By Kieron Seth & Isaac Chen, Lumens
March 29, 2022 13953
NDI® (Network Device Interface) is a video over IP technology developed by NewTek. It is a transcript protocol used to simplify the transmission of video content over Ethernet. NDI video streams are high-quality and low bandwidth, with minimal latency, making the technology perfect for use in live production. NDI runs over standard 1G and 10G Ethernet networks, representing a significant saving in cost and installation time.
Natural human communication is face-to-face, in real-time. Communicating at a distance requires a mediator to enable the exchange of the message, whether that's an email server, content delivery network (CDN), or SMS service. Video-over-IP, delivering real-time media transport (one-way or two-way), requires mediation in the form of high-speed encoders, decoders, and switches, as well as a low-latency channel to transport the data.
The NDI video over IP standard operates on network devices (routers and switches) and Ethernet cables (Cat5e/Cat6e). Professional video equipment can be adapted for NDI output or input using converters, but increasingly cameras, displays, production systems, and broadcasting software support NDI natively. Because NDI supports bi-directional transmission, each device can serve as a source (messenger) or receiver (audience). For example, a camera can send a video to the production system, and the production system can send control signals to the camera.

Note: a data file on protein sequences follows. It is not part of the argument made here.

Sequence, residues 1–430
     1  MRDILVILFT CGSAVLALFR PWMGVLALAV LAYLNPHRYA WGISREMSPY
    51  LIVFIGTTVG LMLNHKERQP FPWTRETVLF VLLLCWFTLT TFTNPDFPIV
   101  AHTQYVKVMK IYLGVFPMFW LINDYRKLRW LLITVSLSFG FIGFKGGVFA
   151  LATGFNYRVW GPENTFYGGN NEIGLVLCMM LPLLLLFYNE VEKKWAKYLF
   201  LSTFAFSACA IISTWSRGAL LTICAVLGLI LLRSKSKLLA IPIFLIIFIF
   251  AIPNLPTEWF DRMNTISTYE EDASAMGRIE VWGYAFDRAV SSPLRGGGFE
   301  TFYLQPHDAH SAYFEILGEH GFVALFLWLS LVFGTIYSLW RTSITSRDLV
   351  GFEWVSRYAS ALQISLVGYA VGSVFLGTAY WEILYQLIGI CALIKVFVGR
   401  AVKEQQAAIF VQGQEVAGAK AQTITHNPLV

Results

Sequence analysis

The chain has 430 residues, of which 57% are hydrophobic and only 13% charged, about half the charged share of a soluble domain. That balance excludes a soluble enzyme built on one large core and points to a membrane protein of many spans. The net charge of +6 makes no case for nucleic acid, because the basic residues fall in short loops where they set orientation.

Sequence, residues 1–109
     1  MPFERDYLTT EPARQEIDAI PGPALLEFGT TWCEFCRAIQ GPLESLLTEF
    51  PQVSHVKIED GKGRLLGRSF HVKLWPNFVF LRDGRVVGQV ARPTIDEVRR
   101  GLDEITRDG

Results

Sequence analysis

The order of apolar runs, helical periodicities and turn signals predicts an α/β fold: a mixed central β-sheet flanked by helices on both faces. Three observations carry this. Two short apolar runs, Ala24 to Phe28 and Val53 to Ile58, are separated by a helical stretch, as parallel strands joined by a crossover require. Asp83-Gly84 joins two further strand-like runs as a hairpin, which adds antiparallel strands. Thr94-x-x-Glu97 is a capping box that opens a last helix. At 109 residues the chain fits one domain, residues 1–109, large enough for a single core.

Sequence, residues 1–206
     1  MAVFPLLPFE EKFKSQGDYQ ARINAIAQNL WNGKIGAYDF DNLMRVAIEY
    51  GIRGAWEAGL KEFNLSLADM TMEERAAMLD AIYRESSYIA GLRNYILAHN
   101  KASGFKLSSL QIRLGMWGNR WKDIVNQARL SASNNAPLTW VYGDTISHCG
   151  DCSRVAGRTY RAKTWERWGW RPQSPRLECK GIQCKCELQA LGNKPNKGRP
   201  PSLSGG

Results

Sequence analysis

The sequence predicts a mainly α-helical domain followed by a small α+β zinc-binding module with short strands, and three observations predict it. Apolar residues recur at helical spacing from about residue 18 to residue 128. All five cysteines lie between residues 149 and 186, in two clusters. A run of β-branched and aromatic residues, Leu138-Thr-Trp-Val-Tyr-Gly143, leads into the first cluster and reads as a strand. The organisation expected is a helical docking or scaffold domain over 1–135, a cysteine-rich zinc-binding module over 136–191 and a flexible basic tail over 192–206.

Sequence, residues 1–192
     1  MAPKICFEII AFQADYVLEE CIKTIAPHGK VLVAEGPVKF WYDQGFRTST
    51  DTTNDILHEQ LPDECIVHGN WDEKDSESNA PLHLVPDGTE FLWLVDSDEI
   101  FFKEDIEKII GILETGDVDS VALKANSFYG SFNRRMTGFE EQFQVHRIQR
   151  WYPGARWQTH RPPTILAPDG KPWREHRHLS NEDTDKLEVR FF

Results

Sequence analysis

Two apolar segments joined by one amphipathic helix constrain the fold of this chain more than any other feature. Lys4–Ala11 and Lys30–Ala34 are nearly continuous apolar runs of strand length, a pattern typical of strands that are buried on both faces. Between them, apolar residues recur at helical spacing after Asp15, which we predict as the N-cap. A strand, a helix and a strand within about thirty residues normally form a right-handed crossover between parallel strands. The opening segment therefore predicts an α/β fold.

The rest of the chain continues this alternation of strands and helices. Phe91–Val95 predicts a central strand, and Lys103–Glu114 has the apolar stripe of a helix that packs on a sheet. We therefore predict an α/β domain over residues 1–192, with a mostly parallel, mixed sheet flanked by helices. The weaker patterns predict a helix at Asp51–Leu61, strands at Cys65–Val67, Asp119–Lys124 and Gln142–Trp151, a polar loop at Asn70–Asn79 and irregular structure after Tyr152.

Traditionally, broadcast workflows rely on baseband signals requiring dedicated connectors and cables. Typically HDMI, SDI, and DVI are used for video content while XLR, RCA, and TS are for popular audio delivery. There are also many kinds of cables for control and tally. It's easy for a studio, AV installation or meeting room to be overwhelmed by a tangle of cables.
First, IP-based transmission runs bi-directionally: and all signals are routed over a network cable. A single Ethernet cable can deliver video, audio, control signals, and power the device (where supported). One cat 5e cable can replace a video cable (HDMI or SDI), an audio cable, a tally wire, and a power cable. This helps AV teams reduce the cost, timescale, and management overhead of video installations.
Second, Running over an IP network, every NDI device shares the same connection. When NDI devices are installed, they are instantly available as a video source and/or destination. The IP-based connection also makes remote production possible. With NDI, two production teams can work together remotely. A production studio in LA can work with another camera crew in New York over the network, in real-time.
System complexity is also a big advantage for video over IP, especially in large-scale deployments. In traditional studios, technicians need devices to extend signals, such as converters and repeaters. With video-over-IP, it's child's play to extend and scale a network, with almost no limit.
A common concern with video over IP is that AV signals will overwhelm the IT network, while video will suffer latency (delay). As a highly efficient protocol, NDI|HX addresses these two issues. NDI|HX provides high-quality, very low latency transmission, and users have many options to control their bandwidth to suit their network environment.
*NDI® is a registered trademark of the Vizrt Group.